Deconstructing Homer’s epic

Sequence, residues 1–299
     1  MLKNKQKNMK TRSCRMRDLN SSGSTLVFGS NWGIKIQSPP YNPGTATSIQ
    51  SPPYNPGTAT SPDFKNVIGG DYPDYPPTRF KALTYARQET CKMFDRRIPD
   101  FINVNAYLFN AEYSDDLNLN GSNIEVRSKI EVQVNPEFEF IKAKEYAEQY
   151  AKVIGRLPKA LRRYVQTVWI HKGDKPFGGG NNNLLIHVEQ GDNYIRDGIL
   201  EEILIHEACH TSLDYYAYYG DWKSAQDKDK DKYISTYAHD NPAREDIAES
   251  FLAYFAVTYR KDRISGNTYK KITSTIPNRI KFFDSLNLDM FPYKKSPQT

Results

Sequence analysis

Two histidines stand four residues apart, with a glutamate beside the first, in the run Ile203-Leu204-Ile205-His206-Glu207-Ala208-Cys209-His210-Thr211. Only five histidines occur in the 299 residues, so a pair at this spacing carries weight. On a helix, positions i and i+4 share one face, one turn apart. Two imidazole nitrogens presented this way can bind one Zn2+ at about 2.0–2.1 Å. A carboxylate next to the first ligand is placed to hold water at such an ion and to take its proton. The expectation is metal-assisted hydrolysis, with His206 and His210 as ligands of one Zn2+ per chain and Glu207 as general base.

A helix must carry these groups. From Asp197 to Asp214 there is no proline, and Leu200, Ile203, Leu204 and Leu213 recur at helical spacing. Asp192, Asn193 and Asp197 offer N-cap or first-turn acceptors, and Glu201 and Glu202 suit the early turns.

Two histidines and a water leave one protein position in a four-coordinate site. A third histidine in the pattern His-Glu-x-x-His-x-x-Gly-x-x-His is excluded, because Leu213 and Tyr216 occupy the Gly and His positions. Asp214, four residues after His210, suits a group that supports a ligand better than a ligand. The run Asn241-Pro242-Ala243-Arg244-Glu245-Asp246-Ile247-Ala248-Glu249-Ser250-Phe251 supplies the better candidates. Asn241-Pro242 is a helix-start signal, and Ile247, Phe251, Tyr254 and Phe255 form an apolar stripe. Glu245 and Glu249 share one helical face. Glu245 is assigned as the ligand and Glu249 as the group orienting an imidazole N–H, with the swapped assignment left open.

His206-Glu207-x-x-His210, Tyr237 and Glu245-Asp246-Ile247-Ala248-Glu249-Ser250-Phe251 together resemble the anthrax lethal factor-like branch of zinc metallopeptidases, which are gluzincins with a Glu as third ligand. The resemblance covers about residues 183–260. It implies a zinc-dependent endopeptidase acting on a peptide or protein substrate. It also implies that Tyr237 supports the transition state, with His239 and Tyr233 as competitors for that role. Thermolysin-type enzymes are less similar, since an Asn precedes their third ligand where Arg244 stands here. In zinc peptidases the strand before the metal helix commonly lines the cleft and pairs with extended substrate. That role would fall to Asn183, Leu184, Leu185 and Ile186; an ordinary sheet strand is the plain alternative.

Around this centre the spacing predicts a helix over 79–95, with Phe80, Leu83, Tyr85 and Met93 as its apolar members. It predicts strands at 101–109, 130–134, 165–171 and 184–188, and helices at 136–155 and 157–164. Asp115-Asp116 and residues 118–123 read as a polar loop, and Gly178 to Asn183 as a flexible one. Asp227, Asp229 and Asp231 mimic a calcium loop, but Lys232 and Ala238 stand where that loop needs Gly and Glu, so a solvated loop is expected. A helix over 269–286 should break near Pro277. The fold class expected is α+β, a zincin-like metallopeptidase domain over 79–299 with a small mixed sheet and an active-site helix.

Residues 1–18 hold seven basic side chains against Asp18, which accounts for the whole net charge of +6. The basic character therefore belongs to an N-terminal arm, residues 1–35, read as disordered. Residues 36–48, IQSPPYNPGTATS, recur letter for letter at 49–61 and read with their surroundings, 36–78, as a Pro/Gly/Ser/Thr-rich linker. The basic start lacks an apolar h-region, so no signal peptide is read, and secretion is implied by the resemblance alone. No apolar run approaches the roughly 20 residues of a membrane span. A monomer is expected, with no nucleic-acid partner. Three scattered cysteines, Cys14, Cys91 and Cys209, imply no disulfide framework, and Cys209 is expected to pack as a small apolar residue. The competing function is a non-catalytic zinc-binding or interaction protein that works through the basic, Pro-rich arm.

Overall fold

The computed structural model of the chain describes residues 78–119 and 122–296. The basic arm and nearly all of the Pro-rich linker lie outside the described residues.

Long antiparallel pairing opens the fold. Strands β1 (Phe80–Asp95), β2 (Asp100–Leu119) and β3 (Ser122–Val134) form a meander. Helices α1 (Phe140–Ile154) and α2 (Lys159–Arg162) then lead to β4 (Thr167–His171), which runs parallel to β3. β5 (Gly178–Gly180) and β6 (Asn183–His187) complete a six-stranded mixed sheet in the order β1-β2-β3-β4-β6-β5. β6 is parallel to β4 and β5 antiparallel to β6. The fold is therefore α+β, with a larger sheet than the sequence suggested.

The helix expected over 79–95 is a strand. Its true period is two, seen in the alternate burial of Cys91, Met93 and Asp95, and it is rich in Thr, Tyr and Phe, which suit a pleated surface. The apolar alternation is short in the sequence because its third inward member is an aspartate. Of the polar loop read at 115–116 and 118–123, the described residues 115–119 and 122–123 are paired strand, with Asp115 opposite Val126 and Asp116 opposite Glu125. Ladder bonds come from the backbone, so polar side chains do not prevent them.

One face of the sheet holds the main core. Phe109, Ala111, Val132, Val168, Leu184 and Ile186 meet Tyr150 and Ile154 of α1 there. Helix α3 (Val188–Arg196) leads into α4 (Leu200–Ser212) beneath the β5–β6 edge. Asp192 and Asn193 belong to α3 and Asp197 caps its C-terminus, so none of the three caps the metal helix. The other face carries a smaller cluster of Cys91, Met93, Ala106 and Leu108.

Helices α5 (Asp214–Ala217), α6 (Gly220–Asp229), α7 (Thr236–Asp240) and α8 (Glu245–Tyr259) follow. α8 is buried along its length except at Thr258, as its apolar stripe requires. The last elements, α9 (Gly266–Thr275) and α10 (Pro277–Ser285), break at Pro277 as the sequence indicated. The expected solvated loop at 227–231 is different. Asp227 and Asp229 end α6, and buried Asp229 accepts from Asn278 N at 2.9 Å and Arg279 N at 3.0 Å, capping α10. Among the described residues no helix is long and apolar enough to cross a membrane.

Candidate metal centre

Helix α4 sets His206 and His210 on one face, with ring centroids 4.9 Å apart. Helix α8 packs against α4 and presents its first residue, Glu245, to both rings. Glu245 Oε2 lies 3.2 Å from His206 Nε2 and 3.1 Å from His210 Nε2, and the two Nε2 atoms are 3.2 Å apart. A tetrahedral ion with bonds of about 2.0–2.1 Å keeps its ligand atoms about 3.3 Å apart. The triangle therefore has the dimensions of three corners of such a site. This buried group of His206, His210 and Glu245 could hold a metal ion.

TEVFIKIYE, Turkey – Turkish guide Mustafa Askin stood on top of a crumbling tower of the ancient city of Troy and pointed to a grassy field where he says Achilles and Hector most likely fought to the death. «The duel took place down there, in front of us,» Askin said, pointing to a green field near a small spring outside of the city walls, a field that bares little resemblance to the sandy beach where Brad Pitt and Eric Bana battled it out in the movie «Troy.» Archaeologists are grumbling that the film bears only a partial likeness to the city they have been painstakingly uncovering after decades of research, digs that show a large walled city that grew rich from trade, but was later burned to the ground. «Why didn’t they film it here?» asked Askin, an amateur archaeologist, guide and author of the book «Troy» as he stood atop the limestone city walls. «This is real atmosphere.» In front of Askin was the green field where the two warriors are believed to have battled and a nearby spring where Trojan women are said to have washed their clothes. Behind him was evidence of war, a layer of charcoal buried in the dirt throughout the city that reaches 5 feet (1.5 meters) deep in some areas – the remains of a city that was burned to the ground. «I wish they had asked archaeologists for advice,» said C. Brian Rose, head of Greek and Roman excavations at the site for the past 15 years. His digs show a city of about 8,000 people that controlled trade to and from the Black Sea. The population could have tripled in times of war as people fled the countryside, archaeologists said. Experts say there is no definite proof that the city was ancient Troy, but almost all evidence points in that direction. Standing on top of the ruins of the citadel, the highest point of the ancient city, tourists can still see the Dardanelles, the narrow waterway through which ships have to pass from the Aegean Sea to enter the Black Sea. «Troy was probably an international trading emporia,» said Eric Cline, associate professor of archaeology and ancient history at George Washington University. The city’s markets would have been filled with gold and ivory from Egypt, copper from Cyprus, silver from Anatolia and amber from the Baltic area, Cline said. But that wealth also made Troy vulnerable to jealous neighbors. Troy was across the Aegean Sea from the Greek city-states and on the fringes of Anatolia, where the powerful Hittite Empire ruled. «Troy is on the outer peripheries of two major empires, both of whom wanted it on their own,» Cline said. Agamemnon, the leader of the Greeks, said outright in the film that the war was fought for power and wealth and not, as legend has it, over the kidnapping of a beautiful woman named Helen by the Trojan Prince Paris. Cline, who took his students to see the movie on the opening day, said he was so excited when Agamemnon gave his speech that he stood up in the middle of the theater to cheer. «The movie was dead on in that respect and I was impressed,» Cline said. A student had to ask him to sit down. The center of the city, where royalty lived, was surrounded by limestone walls that were 12 feet (3.6 meters) thick and 27 feet (8.1 meters) high. The movie’s walls appeared to be much higher and more imposing. «They might have exaggerated a bit but it was definitely a well-protected city,» said Nurten Sevinc, director of the Canakkale Archaeological Museum, where pottery and other relics from the city are kept. The outer city where the merchants lived was surrounded by a ditch which would likely have had a wooden wall on its interior side. That ditch would have been used to stop soldiers on chariots from approaching the wall and firing arrows. «This made the city practically impregnable,» said Rose, a professor of classical art and archaeology at the University of Cincinnati. Houses in and near the citadel had clay jars up to 4 feet (1.2 meters) high buried in the floor, evidence that the Trojans had prepared for a siege, archaeologists said. There was strong evidence that the city was destroyed at the beginning of the 12th century BC. A layer of charcoal and burned bricks stretches across the site. Pieces of skeletons have been found mixed in with the ashes. Arrowheads have been found scattered throughout the city as have some 100 stones found in piles that were most likely used in slingshots, Rose said. Many of the weapons were found outside of the citadel, which is likely to have housed any royal palace. The citadel would have been lavish and the houses found in that area are about twice the size of the homes in the lower city. But any palace would not have had imposing stone statues like in the movie. Those statues were used 700 years later and would not have been covered with loincloths as in the film. «They are willing to show Brad Pitt nearly nude but they put loincloths on the Greek statues in the palaces?» Rose asked. And the Greeks would not have put coins on the eyes of their dead. «Coins were not invented for another 500 years,» Cline said. The filmmakers took other liberties. Agamemnon and Menelaus die in the movie, but survived in Homer’s «Iliad,» the epic saga on which the movie is loosely based. Paris survived in the movie but died toward the end of the war, according to Greek mythology. «Where they really did damage to the story is in killing people they were not supposed to and not killing people they were supposed to,» Cline said. And what about Brad Pitt as Achilles? «He was the opposite of what I expected,» said Sevinc. Ancient Greek vase paintings, she says, portray the warrior as «darker with dark hair and a beard. A rougher, harder-looking guy than Brad Pitt,» Sevinc said. Despite the grumbling, many archaeologists are reveling in the attention. «There are mistakes (in the movie) but don’t worry about it. What we like is that sales of ‘The Iliad’ are going through the roof and my Greek history class is full,» Cline said.